Wednesday, July 23, 2008

When the Internet gets a virus, does it see a GoogleDoc?


And we still work on. . .The most important thing you learned last class was the value of the work around. I'd like to say that I meant to to that, but then I might lose the remaining thread of credibility that I still have ;-)

Tonight we are going to grade each other's PowerPoint presentations in groups of 3. I would like you to stay in like grade levels, but not in the same groups that made the rubrics. . .Each person will need to have at least 2 peers evaluate his/her presentation. You will then submit to me the two rubrics from the peers who graded you (you will not submit your own rubric). If there were any mistakes on your PowerPoint, please fix and show your peers so that you can turn in a rubric that gives you full credit. . .
What else. . .TaskStream, Inspiration, Web 2.0, and Spreadsheets. . .

Journal 4 or 5(depending on your participation in the Summer Institute): Yes, there are more journals. . . I would like you to pick a technology from the Classroom 2.0 website (see link in the links area), choose a link from the tools list on the right hand column for a technology that interests you, and follow a discussion or two (or three. . .) that relates to your technology. If there are no discussions for your technology, choose another topic.
In the title bar, put journal number follwed by the technology you have chosen. (For example: Journal 5: Microblogging). In the journal, I would like you to define the technology and then report out on what you learned from the tool discussion and read and comment on at least three peers who have chosen a different tool. You reporting out should contain the 200-250 word minumum, but you do not need to ask and answer questions. In the assignments section, you will submit your peers names.

Tonight's Question: Do you think a competency model of education, one where students are allowed to fix errors and resubmit, punishes the "A" students? Would it be okay for everyone in your class to earn an "A"? Explain.

24 comments:

Jackie said...

I believe in "mastery learning" where students are given a chance to correct their errors and ensure they understand the content. In a way, this denies the "A" students the attention or extrinsic motivation they may be used to. However, competency based instruction fosters cooperative rather than competitive learning and boosts intrinsic motivation. Some students have trouble with directions, need extra instruction, or experience any number of individual difficulties. I feel that every student should be given the opportunity to earn an A.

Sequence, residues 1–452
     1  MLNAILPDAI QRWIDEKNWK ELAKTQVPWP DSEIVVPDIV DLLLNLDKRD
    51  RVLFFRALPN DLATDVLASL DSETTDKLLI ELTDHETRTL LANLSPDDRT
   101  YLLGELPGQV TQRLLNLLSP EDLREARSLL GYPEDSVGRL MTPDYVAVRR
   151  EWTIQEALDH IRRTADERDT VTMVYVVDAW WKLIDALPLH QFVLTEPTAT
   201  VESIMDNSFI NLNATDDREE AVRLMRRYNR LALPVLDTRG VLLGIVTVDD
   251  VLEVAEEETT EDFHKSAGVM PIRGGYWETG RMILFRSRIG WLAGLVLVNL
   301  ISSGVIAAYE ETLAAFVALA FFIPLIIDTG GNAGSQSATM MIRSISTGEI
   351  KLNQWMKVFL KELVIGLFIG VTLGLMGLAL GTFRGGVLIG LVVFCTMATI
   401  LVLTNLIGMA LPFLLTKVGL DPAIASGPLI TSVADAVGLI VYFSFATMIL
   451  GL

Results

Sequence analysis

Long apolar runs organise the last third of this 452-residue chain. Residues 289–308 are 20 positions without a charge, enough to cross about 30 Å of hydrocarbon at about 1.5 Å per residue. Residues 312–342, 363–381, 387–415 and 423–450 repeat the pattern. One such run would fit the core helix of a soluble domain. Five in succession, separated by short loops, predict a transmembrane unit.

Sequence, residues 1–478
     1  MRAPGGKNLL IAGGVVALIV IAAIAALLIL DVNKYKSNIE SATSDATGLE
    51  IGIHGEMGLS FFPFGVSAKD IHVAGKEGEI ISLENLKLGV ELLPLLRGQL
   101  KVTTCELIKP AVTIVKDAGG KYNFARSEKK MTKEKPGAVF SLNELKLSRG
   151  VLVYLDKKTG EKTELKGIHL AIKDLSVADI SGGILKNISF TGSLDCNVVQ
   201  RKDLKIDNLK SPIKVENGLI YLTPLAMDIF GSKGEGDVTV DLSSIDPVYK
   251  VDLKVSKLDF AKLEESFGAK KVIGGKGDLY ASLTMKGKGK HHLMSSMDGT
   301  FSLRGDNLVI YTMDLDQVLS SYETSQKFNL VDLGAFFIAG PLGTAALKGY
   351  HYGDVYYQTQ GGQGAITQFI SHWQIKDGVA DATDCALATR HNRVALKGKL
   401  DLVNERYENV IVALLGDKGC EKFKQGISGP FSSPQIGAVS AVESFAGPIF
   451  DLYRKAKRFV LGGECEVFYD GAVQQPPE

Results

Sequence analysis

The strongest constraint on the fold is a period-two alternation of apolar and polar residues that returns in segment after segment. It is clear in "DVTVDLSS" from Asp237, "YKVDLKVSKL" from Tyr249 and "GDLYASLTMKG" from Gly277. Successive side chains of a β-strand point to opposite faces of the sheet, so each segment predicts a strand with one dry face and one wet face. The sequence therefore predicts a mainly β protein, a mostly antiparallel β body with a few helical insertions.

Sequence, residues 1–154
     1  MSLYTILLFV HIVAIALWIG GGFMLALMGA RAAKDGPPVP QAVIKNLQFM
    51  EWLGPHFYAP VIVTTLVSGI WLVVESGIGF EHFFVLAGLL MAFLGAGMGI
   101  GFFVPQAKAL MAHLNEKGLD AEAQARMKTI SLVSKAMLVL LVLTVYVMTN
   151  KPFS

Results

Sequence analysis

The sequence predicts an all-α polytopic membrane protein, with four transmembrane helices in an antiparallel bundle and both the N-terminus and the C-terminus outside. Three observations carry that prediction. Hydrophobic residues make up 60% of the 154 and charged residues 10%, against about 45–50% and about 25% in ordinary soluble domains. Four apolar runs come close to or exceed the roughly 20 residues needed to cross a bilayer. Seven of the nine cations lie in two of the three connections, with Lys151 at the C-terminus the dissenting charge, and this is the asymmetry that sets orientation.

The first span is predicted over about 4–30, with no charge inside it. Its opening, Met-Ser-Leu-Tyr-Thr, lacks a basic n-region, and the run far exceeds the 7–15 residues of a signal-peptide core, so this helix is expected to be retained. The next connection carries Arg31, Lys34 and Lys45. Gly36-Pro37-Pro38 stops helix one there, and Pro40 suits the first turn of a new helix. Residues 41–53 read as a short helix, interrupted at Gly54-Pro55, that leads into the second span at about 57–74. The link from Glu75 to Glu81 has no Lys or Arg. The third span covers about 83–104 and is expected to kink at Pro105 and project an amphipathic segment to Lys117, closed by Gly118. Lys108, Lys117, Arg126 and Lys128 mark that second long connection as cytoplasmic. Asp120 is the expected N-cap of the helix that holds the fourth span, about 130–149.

Jessica said...

I do not agree with students being able to resubmit the correct answer for a re-grade. I believe that it is the responsibilities of young adults to comprehend the material to the best of their abilities. In my classroom they will be given opportunities to meet with me and discuss class/home work with their fellow students. They need to learn how to utilize these types of resources for their survival. Because I am going to be teaching biology everything that my students will learn is built upon the prior and sometimes learning a more abstract thought enables a better comprehension of fundamental material. Every student learns differently and have different weaknesses and strengths and working together fosters a cooperative environment which is my passion to instill.

aatwood said...

I do not agree that "compitancy based instruction" produces as an "A" student as it will not provide the student with a real life outcome. If a student is allowed to resubmit the assignments they have, then how are we prepairing them for the real world. My students future bosses arent going to say "oh you messed up that presentation to the board...but its ok, resubmit it and we will meet again later on...when your ready, ok?" my students future bosses would say "your fired!" As the person in charge of their social training that is reckless.

Sarah S said...

Ideally you want all your students to understand what you are teaching them. If by letting them fix their mistakes it is helping them learn, then why not allow them to get the A as well? It is not ok to hand out A's that are not deserved.

Elizabeth Froeberg said...